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Sculptures by Phyllis Bone

Otter case


General features and members of the family

The weasel family is one of five families of dog-like mammals descended from the wolf-like Vulperines and comprises five sub-families of 55 species in 24 genera:

  • Subfamily Mustelinae: weasels, stoats, mink, polecats, martens, wolverines;
  • Subfamily Lutrinae: otters;
  • Subfamilies Melinae, Taxidiinae, Mellivorinnae: badgers.

Mustelids are typically long thin-bodied animals and spend most of their time hunting for food to sustain their high metabolic rates. They are highly active foragers that pursue their prey relentlessly. Several mustelids are agile climbers and can snatch birds and squirrels from their nests. Otters are aquatic. The smallest is the Least Weasel (20 - 25 cm long; 30 - 70g in weight); the largest is the Giant Otter (1.5 - 2 m long; 30 kg in weight). The Least Weasel is the smallest member of the Carnivora.

General features of mustelids depicted by stoatGeneral features of mustelids, depicted by stoat

Mustelids are widespread being absent only from Australia and Antartica. They are not indigenous to New Zealand but stoats have been introduced and they now pose a serious threat to the native wildlife. Most of the wild British Carnivorans are mustelids.

At least 16 species have developed a remarkable reproductive strategy of delayed implantation where, following fertilisation, the embryo does not implant in the uterus wall until certain external environmental conditions are met. This delay can last up to ten months and often only occurs through the winter period. It occurs in solitary Mustelids, which only tolerate the opposite gender for a relatively short mating period.

Skulls, dentition and diet

Most members of the subfamily Mustelinae have a dental formula of I3/3, I 1/1, PM3/3, M1/2 = 34 with prominent, sharp canines and cutting carnassials. The dentition of members of other subfamilies differs slightly from this arrangement. The carnassial teeth are modified to some degree in all. The smaller mustelids feed mainly on burrow-dwelling mice voles and rabbits while larger mustelids have specialised diets according to the prey found in their particular habitats.

Subfamily Mustelinae: weasels, stoats, mink, polecats, martens, wolverines.

Weasel case, Stoat case
Weasel Skull
Weasel skull (Dental formula: I3/3, I 1/1, PM3/3, M1/2 = 34).
The Least or European common weasel (Mustela nivalis) is a small rodent specialist but also feeds on birds, eggs and young lagomorphs (hares). This weasel is the smallest carnivore; it is small enough to follow field voles and lemmings in their runways in thick grass and under snow. These weasels can coexist with stoats because they take smaller prey than the larger stoats.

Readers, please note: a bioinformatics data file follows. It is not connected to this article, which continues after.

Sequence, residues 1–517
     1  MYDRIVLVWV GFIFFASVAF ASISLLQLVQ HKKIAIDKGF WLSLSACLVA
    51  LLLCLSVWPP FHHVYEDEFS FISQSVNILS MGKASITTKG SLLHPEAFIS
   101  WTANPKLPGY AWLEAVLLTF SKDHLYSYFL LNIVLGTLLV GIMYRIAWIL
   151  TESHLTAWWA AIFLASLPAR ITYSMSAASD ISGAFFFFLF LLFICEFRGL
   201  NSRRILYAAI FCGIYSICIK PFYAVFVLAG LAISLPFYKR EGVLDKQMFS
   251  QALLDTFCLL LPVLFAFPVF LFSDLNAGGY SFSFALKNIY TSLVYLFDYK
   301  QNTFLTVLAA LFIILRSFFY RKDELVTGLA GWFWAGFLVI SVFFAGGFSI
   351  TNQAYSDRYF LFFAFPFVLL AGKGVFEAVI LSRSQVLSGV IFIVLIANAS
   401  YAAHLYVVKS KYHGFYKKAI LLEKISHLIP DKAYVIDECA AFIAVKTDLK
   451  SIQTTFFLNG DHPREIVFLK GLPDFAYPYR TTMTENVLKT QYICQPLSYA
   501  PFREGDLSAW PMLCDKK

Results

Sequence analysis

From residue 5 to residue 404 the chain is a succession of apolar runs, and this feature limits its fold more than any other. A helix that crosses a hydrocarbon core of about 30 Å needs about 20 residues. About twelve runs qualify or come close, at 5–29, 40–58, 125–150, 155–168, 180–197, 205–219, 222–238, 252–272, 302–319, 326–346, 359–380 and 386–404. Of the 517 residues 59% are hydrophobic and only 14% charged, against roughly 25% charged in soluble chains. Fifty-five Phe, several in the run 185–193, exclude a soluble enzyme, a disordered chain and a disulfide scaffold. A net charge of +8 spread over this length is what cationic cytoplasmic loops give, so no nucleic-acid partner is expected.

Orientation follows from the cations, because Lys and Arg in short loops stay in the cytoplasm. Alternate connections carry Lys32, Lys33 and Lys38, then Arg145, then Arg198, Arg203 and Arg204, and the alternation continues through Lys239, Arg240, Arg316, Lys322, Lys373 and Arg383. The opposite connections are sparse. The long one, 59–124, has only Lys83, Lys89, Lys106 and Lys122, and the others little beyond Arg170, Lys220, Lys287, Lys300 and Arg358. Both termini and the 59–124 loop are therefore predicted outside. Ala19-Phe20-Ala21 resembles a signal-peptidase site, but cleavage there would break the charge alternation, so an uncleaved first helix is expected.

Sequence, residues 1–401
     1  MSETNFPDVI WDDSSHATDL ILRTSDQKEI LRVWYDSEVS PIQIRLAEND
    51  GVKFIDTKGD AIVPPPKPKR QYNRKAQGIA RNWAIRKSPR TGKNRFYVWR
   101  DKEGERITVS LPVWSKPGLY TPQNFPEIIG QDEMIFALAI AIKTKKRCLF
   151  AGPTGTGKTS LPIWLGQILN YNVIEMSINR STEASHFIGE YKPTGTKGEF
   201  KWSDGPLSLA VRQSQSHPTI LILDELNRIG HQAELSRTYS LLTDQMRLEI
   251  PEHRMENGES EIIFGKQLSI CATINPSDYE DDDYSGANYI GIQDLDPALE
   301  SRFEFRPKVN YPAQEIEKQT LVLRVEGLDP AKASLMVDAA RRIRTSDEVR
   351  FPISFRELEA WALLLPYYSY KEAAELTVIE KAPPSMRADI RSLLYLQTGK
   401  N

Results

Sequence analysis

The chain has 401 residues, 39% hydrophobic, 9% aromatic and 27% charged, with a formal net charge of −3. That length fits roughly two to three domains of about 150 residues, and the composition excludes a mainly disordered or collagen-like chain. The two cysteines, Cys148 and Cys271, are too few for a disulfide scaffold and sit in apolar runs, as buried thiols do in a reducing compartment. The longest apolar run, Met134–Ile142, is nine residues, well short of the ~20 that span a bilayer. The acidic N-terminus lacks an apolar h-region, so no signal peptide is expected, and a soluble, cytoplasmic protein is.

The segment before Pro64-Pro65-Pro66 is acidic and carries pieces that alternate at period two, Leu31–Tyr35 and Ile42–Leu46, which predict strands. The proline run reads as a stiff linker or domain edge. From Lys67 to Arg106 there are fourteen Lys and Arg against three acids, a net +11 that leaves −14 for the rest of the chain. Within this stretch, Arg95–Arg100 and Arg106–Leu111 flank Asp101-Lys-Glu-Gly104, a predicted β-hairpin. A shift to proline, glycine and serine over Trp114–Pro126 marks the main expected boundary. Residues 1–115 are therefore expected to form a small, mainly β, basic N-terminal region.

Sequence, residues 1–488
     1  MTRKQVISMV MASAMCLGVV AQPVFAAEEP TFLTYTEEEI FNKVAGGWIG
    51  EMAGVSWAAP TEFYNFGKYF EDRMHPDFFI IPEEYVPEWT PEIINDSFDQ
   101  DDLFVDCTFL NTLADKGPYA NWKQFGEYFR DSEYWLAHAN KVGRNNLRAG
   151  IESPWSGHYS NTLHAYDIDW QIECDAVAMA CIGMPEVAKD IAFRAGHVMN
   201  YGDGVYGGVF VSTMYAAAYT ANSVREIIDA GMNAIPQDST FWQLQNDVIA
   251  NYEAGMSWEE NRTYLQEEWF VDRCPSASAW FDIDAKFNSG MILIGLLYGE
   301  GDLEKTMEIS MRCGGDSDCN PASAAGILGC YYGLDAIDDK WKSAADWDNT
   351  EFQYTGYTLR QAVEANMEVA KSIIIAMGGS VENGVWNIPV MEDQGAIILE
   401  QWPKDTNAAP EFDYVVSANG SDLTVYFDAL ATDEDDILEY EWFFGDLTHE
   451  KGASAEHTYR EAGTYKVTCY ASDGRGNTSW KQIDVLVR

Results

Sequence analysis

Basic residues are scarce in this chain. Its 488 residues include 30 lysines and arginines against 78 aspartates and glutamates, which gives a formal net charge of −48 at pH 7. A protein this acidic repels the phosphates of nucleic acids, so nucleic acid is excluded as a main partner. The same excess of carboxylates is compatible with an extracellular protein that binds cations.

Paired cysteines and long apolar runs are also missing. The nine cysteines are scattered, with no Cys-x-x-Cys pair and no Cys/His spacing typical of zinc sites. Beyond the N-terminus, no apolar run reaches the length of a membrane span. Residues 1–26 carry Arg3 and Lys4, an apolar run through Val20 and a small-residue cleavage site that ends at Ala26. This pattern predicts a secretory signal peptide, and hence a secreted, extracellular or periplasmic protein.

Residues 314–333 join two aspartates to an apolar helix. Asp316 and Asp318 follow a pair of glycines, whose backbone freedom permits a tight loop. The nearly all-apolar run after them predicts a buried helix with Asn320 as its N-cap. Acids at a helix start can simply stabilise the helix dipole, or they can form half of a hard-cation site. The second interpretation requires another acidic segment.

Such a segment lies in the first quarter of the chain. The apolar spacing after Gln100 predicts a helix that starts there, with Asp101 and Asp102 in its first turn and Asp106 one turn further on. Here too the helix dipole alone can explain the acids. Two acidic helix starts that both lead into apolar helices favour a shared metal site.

Stoat Skull
Stoat skull.
The stoat or ermine (Mustela erminea) feeds on small mammals such as rabbits and water voles as well as birds, earthworms and berries. The stoat is noted for its winter coat of white with a black tip to its tail which serves to camouflage it in the snow.
American Mink Skull
American mink skull
The American mink (Mustela vison) feeds on mammals (rodents, rabbits), fish,and aquatic birds (ducks, moorhens, coots, gulls) and invertebrates.
European polecat at the Highland Wildlife ParkEuropean Polecat Skull
European polecatEuropean polecat skull
The polecat (Mustela putorius) feeds on lagomorphs, small rodents, birds, and amphibians (frogs, toads).
Pine Marten at the Highland Wildlife ParkPine Marten Skull
Pine MartenPine marten skull (Dental formula: I3/3, I 1/1, PM4/4, M1/2 = 38).
The pine marten (Martes martes) forages both in trees and on the ground feeding on small rodents, rabbits squirrels birds, beetles and berries.
Wolverine Skull
Wolverine skull (Dental formula: I3/3, I 1/1, PM4/4, M1/2 = 38).
The wolverine (Gulo gulo) lives in alpine tundra and taiga habitats in the circumpolar regions of North America and Eurasia. It is the largest member of the subfamily Mustelinae, with a powerful build that allows it to tackle prey many times its own size. Wolverines feed on rodents, birds such as ptarmigan, eggs, invertebrates, fruit, berries and carrion. It will also kill elk, reindeer, foxes, roe deer and wild sheep when their movement is hindered by snow. Their heavy premolars and powerful jaws can crush bone and gnaw frozen meat.

Subfamily Lutrinae: otters.

Otters at Edinburgh ZooEurasian Otter Skull
Oriental small-clawed ottersEurasian otter skull (Dental formula: I3/3, I 1/1, PM4/3 - 4, M1/2 = 36 - 38).
Otters are the only amphibious mustelids. They forage mainly in water but spend much time resting on shore except for the sea otter, which rarely comes ashore. Eurasian otters (Lutra lutra), living in freshwater habitats, feed on fish, as well as crayfish, frogs, waterfowl and birds roosting in reeds; coastal otters also eat crustaceans. Otters are adapt to swim with elongated and lithe bodies, tapering flat tails, short legs, webbed and clawed feet, small round ears which, like their nostrils, close when under water. Their long guard hairs and dense under-fur trap air and insulate them while they are underwater. The numerous stiff whiskers (vibrissae) on the snout detect their prey.

Subfamily Melinae: badgers.

Badgers at the Highland Wildlife ParkEurasian Badger Skull
Eurasian badgersEurasian badger skull (Dental formula: I3/3, I 1/1, PM4/4, M1/2 = 38).
The Eurasian badger (Meles meles) has a very varied diet. In Britain, it feeds almost exclusively on earthworms and plant roots. However it will also consume other invertebrates (molluscs, beetles and other insects e.g. caterpillars, wasp nests, bumble bee nests), vertebrates (amphibians, reptiles and small, especially young, mammals e.g. rabbits, mice, voles, moles), carrion and cereals, fruit, tubers, corms, clover and grass.

Dog-like carnivorans Aquatic carnivorans Cat-like carnivorans